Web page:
Clearly, there is a framework to ensure that registered classroom teachers are qualified to teach students with disabilities and/or additional needs, and for universities to prepare their graduates to do so. The benefits are seen in numerous schools and classrooms across the country, but there is scope for both teacher preparation programs and schools to embrace inclusive teaching practices.

Finally, the claim that places in special schools and classes have declined because of inclusion and the subsequent closure of special schools is completely false.

This is clear from a range of data sources.

 Research from New South Wales has shown that proportion of enrolments in separate special educational settings in Australia’s largest education system has been increasing since the 1990s. In other words, the “mainstream” is shrinking.

These findings are supported by national data from the Australian Bureau of Statistics (ABS) Survey of Disability, Ageing and Carers (SDAC) which shows that there was a 35% increase in the number of students with disability attending special schools between 2003 and 2015.

But most telling is this: Prior to the 1992 Disability Discrimination Act, before we signed the 1994 Salamanca Statement, and before “inclusion” was really a thing, there were 444 special schools accounting for 4.4% of all schools in Australia.

Almost three decades later — after the 2005 Disability Standards for Education, the 2008 Melbourne Declaration, and a multitude of reviews and inquiries nationally – there are now 461 special schools, accounting for 4.9% of Australian schools.

That represents an 11% increase in the number of special schools and this has occurred despite evidence that inclusion leads to more positive outcomes for students with disability.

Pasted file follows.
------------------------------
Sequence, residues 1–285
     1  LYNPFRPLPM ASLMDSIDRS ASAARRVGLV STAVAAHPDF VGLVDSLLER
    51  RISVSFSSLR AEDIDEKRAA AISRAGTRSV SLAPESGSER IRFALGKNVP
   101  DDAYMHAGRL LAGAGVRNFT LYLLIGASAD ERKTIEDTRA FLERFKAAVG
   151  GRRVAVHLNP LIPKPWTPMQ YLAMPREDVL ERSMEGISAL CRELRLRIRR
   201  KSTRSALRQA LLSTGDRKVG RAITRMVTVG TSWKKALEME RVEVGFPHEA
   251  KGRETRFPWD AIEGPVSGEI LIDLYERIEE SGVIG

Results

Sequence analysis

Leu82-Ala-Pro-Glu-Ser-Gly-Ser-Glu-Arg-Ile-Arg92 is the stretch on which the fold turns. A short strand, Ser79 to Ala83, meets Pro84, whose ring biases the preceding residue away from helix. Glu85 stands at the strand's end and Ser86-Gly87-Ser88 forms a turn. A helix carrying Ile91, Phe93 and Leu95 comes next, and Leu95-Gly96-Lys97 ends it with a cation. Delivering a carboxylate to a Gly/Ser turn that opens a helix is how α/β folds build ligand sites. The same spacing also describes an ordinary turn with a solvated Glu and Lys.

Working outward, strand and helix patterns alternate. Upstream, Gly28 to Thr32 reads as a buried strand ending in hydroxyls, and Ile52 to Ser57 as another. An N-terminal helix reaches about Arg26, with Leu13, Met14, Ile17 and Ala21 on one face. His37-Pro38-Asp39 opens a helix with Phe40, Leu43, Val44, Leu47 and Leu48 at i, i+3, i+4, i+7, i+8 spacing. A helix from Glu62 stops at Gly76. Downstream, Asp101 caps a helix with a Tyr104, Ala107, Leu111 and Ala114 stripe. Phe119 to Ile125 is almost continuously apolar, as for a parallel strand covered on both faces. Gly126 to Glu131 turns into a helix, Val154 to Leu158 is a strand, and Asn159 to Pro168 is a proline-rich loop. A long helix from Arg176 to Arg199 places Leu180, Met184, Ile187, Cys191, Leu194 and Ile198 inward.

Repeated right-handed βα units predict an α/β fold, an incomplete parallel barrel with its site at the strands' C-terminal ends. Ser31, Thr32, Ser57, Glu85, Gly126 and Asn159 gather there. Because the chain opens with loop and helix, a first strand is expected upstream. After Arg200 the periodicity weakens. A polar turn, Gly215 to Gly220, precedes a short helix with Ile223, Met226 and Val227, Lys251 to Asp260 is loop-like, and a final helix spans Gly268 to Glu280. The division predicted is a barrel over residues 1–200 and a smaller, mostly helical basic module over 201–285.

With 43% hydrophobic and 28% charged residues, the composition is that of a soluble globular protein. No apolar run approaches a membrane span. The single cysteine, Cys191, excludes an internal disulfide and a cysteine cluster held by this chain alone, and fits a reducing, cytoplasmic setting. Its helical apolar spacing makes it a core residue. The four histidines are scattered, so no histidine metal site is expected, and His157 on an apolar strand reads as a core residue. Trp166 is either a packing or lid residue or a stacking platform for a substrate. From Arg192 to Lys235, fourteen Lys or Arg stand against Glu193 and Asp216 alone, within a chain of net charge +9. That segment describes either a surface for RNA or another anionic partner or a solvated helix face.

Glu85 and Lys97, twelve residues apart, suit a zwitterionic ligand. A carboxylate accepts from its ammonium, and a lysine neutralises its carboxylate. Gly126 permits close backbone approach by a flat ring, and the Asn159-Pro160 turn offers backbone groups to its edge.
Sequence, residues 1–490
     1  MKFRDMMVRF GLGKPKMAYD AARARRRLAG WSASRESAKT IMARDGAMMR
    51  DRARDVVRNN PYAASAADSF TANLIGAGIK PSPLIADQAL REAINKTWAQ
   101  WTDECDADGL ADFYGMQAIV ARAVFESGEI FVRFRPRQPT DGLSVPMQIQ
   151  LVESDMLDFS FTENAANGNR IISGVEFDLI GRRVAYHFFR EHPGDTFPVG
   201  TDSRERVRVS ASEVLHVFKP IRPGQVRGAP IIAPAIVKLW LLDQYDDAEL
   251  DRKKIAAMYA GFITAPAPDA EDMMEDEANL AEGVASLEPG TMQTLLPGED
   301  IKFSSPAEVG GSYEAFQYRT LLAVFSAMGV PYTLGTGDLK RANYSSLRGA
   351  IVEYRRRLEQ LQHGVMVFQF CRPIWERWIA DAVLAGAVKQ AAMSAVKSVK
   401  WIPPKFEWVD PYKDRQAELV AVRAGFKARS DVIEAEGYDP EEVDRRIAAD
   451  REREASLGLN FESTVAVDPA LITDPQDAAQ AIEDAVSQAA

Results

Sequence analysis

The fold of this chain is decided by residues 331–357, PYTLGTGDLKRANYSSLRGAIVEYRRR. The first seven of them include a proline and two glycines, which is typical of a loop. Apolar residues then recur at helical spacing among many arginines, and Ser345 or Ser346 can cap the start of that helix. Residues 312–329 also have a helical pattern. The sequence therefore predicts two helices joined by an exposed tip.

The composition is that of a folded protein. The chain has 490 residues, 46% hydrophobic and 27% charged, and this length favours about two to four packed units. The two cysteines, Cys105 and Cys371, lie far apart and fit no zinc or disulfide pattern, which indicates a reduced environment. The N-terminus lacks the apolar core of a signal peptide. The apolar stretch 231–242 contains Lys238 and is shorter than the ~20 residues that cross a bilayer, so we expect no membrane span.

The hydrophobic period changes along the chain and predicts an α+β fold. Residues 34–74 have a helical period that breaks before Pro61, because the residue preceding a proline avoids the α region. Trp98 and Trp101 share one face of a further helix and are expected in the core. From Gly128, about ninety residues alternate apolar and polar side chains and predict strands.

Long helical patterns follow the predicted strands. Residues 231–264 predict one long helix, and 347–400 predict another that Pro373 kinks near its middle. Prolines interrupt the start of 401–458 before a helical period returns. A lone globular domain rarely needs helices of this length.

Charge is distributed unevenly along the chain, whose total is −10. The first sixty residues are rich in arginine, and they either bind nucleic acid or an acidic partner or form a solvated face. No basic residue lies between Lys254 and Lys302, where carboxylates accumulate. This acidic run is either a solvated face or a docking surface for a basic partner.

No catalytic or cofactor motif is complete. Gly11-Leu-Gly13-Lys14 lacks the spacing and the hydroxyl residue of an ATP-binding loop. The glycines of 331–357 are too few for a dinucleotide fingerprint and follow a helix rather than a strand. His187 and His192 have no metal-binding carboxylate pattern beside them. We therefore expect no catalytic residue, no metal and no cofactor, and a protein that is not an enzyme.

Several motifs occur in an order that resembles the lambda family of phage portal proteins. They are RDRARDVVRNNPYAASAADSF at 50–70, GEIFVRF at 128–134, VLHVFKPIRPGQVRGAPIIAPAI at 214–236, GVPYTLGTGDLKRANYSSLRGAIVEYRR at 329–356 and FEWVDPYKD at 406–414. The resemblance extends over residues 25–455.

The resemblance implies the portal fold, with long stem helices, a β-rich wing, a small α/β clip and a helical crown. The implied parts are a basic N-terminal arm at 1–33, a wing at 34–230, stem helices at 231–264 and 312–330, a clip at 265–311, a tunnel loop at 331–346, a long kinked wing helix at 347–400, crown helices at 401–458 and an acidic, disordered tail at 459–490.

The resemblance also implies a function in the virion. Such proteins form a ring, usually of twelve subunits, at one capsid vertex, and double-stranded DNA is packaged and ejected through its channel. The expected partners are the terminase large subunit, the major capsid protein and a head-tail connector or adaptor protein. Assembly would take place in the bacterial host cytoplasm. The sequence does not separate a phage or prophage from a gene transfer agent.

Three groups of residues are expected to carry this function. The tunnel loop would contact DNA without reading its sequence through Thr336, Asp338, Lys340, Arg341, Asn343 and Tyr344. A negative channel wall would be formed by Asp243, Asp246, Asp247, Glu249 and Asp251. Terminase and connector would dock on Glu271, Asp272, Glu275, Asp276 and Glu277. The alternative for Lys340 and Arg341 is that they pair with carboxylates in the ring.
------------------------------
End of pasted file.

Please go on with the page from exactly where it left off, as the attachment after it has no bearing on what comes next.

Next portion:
We may well be living in a post-truth world but none of the empirical evidence supports the claims being made by Hanson’s backers.

 

Professor Linda Graham works in the School of Early Childhood and Inclusive Education at Queensland University of Technology (QUT). Linda coordinates Inclusive Education Theory, Policy and Practice, a core unit in the Faculty of Education’s Master of Inclusive Education and leads QUT’s Student Engagement, Learning & Behaviour Research Group (@SELB_QUT), and is a member of the Board for All Means All – Australian Alliance for Inclusive Education. She has published more than 80 books, chapters and journal articles, and is leading two current large scale projects investigating educational responses to students with learning and behavioural difficulties. Linda blogs at drlindagraham.wordpress.com.au and can often be found on Twitter: @drlindagraham

Dr Kate de Bruin works in the Faculty of Education at Monash University Her current research investigates evidence-informed practice and policy in inclusive education, with a focus developing teacher capacity for using inclusive pedagogies in ways that improve equity and quality schooling for all students, and she regularly provides professional learning to school teachers in these areas. She has worked with government departments on projects such as the Victorian Inclusion Support Programme, and the Nationally Consistent Collection of Data for Students with Disabilities.

Dr Ilektra Spandagou is a senior lecturer at the Sydney School of Education and Social Work, University of Sydney. She worked as a special teacher in mainstream settings before she completed her PhD at the University of Sheffield, UK, in inclusive education. She has worked in inclusive education in three countries: as a researcher at the University of Sheffield, UK, and as a lecturer at the University of Athens and the University of Thessaly, Greece, before moving to The University of Sydney. Her research interests include inclusion, disability, comparative education and classroom diversity. Her current research projects focus on inclusive policy and practice within a rights perspective. A common thread of this work is a conceptual understanding of inclusive education as a transformation project requiring a paradigmatic shift in perceptions of both ability and education. Her publications include the book ‘Inclusive Education: International Policy & Practice’ (co-authored with A.C. Armstrong and D. Armstrong) published by Sage in 2010.